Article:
We begin by summarizing our evaluation of the evidence proffered at the trial. Mr. Fagenboym submitted four pages of handwritten calculations that attempt to reconstruct Alcor Electric's purchases and other expenses related to four alleged business contracts. Mr. Fagenboym testified that he created the handwritten document because he was unable to produce original records of the amounts paid to one of Alcor Electric's electrical suppliers, Alameda Electrical Distributors (AED), on the four business contracts. In support of his calculations Mr. Fagenboym testified that he was able to estimate the amount paid to AED by Alcor Electric during the year in issue by taking the total amount paid to the S corporation on each of the four contracts and subtracting a 12% profit margin to produce an estimated total for the hard costs of each project. Mr. Fagenboym then subtracted all known labor and materials costs from the resulting total hard costs to produce the estimated total paid to AED on each contract. During the trial Mr. Fagenboym did not produce contemporaneous records or any other business records pertaining to Alcor Electric's operations. He testified that he had previously provided substantiating documents to respondent for all hard costs on the four contracts except for the amounts paid to AED.

Although Mr. Fagenboym's testimony about industry operations was generally reliable, the amounts included in the handwritten calculations proffered are not backed by any underlying bank statements, receipts, or other documentation. Mr. Fagenboym testified that the 12% profit margin on which his calculations hinge was a rough estimate based on similar contracts in the industry. He stated that the 12% figure was “potential profit” but noted that Alcor Electric's actual profit was “much less than that”.

Although we have no doubt that Mr. Fagenboym produced his calculations in good faith, the reconstruction of expenses on the basis of an individual's estimate of industry standard profit margins does not take the place of substantiation or provide a rational basis upon which an estimate can be made under the Cohan rule. The record includes no reliable evidence establishing error in respondent's determinations in the notice disallowing petitioners' claimed loss deductions related to certain expenses reported by Alcor Electric during the year in issue. On the record before us, we conclude that petitioners have failed to carry their burden of establishing that Alcor Electric paid or incurred the expenses underlying the deductions that respondent disallowed for its 2015 tax year. We therefore sustain respondent's determination in the notice of deficiency disallowing a portion of petitioners' claimed Schedule E loss deductions for the year in issue.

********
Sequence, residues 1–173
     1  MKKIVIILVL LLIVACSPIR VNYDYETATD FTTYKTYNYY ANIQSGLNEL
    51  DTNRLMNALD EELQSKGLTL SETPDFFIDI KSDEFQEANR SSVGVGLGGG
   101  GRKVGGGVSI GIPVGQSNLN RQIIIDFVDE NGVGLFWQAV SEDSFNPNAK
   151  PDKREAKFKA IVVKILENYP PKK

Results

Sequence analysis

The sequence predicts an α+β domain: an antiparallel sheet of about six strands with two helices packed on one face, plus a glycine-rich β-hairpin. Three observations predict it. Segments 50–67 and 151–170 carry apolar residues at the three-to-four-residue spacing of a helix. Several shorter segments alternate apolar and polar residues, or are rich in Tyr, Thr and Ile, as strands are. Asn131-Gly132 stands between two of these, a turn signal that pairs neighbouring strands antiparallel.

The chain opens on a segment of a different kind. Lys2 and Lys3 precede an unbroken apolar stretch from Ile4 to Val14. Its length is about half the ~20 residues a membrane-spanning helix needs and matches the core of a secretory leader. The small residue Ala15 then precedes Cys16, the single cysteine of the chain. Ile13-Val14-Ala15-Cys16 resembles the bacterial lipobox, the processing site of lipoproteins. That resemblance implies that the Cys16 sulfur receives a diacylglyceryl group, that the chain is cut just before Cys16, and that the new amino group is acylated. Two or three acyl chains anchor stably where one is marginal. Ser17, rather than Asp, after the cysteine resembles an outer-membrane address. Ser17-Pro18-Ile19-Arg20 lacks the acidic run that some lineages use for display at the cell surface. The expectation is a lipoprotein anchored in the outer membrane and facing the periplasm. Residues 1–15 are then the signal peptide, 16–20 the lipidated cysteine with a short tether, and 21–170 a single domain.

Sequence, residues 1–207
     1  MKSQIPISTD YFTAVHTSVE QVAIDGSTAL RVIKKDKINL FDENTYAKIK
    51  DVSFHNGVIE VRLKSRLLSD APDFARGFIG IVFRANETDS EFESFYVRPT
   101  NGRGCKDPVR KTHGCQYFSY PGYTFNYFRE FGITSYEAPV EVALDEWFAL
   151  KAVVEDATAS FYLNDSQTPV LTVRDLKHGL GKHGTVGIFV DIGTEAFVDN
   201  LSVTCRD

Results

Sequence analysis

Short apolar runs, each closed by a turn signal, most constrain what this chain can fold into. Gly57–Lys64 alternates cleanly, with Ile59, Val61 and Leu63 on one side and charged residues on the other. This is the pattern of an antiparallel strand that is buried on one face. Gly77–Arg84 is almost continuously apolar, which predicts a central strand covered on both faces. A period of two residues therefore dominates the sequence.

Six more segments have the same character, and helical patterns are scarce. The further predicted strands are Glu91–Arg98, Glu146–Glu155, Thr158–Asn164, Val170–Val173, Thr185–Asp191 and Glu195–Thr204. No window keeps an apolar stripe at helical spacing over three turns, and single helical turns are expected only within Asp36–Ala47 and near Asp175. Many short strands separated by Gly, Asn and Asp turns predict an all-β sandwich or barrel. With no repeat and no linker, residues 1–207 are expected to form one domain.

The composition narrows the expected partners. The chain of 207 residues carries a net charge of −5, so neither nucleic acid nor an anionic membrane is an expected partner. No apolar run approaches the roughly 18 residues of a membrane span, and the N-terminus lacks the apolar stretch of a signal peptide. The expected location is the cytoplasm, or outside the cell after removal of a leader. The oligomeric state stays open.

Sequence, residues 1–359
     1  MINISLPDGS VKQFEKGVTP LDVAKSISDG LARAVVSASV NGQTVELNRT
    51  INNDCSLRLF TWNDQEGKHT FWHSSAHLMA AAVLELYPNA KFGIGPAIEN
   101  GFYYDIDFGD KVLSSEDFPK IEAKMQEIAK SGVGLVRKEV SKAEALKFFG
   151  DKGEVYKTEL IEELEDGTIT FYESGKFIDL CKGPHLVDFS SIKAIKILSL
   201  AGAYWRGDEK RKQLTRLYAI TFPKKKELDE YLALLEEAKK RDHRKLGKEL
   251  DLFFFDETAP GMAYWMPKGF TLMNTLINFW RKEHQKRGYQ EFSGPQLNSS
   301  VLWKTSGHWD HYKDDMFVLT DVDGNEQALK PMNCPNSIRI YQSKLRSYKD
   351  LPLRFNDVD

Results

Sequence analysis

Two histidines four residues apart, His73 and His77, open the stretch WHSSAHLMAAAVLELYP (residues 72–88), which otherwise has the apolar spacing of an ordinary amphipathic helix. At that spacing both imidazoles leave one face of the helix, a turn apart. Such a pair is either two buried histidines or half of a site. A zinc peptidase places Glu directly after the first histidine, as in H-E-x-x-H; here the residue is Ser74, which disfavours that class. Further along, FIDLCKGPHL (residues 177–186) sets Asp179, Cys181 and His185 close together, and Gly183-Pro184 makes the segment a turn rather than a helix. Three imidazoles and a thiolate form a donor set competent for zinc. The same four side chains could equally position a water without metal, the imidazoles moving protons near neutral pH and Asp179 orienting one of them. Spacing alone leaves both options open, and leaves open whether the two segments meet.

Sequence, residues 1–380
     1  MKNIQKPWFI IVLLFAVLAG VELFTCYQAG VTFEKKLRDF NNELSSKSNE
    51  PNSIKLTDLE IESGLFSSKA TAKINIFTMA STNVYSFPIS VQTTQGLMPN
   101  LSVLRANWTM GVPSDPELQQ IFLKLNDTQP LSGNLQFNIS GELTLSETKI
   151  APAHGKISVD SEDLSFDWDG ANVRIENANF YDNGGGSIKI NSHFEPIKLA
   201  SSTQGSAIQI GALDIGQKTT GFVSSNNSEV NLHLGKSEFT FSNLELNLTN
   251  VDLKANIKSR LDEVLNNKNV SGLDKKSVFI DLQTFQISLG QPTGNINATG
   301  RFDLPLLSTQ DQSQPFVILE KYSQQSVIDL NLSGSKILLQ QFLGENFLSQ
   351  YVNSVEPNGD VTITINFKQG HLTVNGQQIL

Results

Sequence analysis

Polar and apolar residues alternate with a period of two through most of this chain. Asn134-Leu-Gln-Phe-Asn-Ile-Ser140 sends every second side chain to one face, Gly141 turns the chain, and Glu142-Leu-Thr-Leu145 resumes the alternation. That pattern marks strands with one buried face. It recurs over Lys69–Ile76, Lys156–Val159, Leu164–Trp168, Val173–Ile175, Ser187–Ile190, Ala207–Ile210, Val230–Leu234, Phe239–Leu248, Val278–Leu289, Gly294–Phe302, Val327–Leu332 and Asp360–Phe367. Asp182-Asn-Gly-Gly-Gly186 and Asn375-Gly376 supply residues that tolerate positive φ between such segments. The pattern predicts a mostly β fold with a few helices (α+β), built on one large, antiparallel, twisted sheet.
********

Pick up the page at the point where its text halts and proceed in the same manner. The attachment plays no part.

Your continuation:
We have considered all of the parties' arguments, and, to the extent not addressed herein, we conclude that they are moot, irrelevant, or without merit.

To reflect the foregoing,

Decision will be entered for respondent.


1 Unless otherwise indicated, subsequent section references are to the Internal Revenue Code (Code) in effect at all relevant times, and all Rule references are to the Tax Court Rules of Practice and Procedure.

2 The term “electrical agencies” used by Mr. Fagenboym during his testimony was not further explained in the record. In the context of this record, we understand the term to mean subcontractor electrical agencies.

3 It is unclear why Mr. Fagenboym's $109,774 distributive share of loss as shown on the 2015 Schedule K-1 was less than 50% of Alcor Electric's $252,300 reported ordinary loss for that year. Following respondent's adjustment to Alcor Electric's 2015 Form 1120S, Mr. Fagenboym's corrected $826 share of loss for the year in issue is 50% of the S corporation's $1,652 corrected ordinary loss.